How better to illustrate the inadequacy of current restitution efforts than to offer up as tribute an object by one of Germany’s most famous artists, who thought art could bring about transformative social change?
The Christoph Schlingensief retrospective at MoMA PS1, titled simply Christoph Schlingensief, seeks to capture the career of an artist whose practice is particularly ill-suited to an exhibition.
Editor’s Note: Peter Dobey published a series of photo essays (1, 2, 3) about this year’s Venice Biennale at the beginning of June. This is a long-form essay (to be published in three parts) that explores the work at the Biennale.
* * *
PARIS — It is difficult to write about Venice, just like it is difficult to really SEE Venice. Individual experiences of art fade away into the oversaturation that is the Venice Biennale in the same way the city of Venice is sinking into the Adriatic. There is the ontological experience of Venice and the problem of one’s ability to encounter it. Then there is the physical impossibility to see everything the Biennale offers you and all the things it doesn’t, especially when in Italy.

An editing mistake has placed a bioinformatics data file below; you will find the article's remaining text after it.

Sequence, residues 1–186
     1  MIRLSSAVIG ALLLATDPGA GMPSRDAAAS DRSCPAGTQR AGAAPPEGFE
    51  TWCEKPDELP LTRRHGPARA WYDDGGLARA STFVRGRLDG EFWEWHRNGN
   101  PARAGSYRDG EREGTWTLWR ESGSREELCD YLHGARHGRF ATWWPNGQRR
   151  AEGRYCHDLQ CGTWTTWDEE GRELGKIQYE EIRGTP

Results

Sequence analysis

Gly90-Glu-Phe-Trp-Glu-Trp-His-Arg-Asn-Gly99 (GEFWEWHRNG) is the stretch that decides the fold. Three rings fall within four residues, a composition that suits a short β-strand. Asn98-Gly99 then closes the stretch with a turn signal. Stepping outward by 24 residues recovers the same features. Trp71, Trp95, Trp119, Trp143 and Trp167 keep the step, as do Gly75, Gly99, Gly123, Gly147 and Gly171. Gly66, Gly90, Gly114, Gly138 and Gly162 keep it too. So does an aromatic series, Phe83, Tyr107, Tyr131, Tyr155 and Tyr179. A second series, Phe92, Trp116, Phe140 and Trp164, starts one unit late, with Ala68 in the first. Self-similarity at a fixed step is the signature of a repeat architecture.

The 54th Venice Biennale has awarded its top prize, the Golden Lion for best national pavilion, to Germany for the art of Christoph Schlingensief. The best art work was given to Christian Marclay’s “The Clock” (2011). [In the Air/Artinfo]